Parents-and-their-children week. A man in his 50s is brought into St Bonaventure by his estranged son. They don’t bond until the man is close to death. Then they do a bit. This is generally inconsequential, although the bit where Dr Glassman pops a cyst out of the man’s brain is kind of cool.
The main action this week centres around Evan, a boy with a broken arm, who resembles Shaun’s late brother Steve. (Both are played by the same actor, Dylan Kingwell.) Shaun quickly diagnoses Evan as having cancer, but it turns out that Evan’s parents know this; Evan has a few months to live, and they’ve decided not to tell him. This poses a couple of problems for Shaun: as well as the ethics of the situation, he’s a terrible liar. So he blurts the truth out to Evan, who’s unsurprised; he guessed this months ago, but hasn’t let on to his parents. Shaun was, of course, unable to save his brother, and is determined to find a way to help Evan. He comes up with an alternative diagnosis which seems remarkably improbable, but he wants to pursue it anyway, although he’s warned about giving Evan and his parents false hope.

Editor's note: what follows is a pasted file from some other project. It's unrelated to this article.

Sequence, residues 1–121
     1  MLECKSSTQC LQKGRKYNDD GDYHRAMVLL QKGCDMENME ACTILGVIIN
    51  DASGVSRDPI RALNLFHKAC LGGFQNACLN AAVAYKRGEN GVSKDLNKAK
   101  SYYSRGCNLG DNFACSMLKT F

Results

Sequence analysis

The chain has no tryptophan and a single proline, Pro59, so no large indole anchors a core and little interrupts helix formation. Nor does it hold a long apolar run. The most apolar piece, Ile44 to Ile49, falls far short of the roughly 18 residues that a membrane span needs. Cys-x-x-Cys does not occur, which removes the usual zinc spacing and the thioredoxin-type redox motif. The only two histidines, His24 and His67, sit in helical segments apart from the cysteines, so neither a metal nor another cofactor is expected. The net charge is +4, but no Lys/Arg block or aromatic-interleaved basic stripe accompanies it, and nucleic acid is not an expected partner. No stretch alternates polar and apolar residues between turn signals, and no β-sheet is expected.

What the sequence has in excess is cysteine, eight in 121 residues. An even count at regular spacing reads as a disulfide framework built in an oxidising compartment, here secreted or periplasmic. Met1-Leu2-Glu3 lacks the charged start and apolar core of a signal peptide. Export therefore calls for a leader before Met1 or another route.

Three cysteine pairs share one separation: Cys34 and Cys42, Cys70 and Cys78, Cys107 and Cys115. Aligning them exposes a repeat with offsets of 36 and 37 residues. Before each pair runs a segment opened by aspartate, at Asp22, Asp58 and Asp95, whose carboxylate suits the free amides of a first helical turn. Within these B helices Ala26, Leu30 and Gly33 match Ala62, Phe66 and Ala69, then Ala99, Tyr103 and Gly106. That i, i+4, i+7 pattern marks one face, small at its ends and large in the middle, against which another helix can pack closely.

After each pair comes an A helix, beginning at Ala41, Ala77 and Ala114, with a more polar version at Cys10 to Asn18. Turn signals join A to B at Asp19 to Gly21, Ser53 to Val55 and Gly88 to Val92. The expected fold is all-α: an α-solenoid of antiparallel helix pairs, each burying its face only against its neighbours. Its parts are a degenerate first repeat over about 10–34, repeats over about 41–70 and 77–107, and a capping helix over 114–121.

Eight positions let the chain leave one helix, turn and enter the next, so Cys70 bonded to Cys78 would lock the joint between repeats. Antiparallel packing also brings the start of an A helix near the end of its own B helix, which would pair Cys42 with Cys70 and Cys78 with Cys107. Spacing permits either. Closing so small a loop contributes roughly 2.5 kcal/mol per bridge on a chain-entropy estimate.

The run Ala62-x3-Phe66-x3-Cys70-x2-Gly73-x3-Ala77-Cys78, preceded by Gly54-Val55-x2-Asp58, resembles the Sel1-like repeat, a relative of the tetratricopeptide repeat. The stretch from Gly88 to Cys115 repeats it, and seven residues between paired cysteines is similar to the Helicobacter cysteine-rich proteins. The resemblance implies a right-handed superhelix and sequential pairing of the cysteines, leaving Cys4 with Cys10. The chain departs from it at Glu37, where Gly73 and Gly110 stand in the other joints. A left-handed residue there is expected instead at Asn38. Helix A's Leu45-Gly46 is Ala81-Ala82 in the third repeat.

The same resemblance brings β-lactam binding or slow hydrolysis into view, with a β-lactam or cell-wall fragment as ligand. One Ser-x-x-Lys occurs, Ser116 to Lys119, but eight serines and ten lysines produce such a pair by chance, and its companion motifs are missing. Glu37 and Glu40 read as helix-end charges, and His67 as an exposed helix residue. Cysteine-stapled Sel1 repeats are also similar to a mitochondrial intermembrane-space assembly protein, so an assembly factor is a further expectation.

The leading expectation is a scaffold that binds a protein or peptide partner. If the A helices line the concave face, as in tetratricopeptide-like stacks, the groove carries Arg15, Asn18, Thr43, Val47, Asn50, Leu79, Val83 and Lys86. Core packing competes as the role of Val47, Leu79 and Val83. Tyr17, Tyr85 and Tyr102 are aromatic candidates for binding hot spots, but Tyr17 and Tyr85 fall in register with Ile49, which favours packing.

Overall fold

In many ways it’s a breathtakingly cynical storyline, designed to push the viewer’s emotional buttons. But I’m a parent, and I therefore have these particular buttons readily available for pushing; in addition, Dylan Kingwell’s performance is fresh and unforced. It’s another good episode.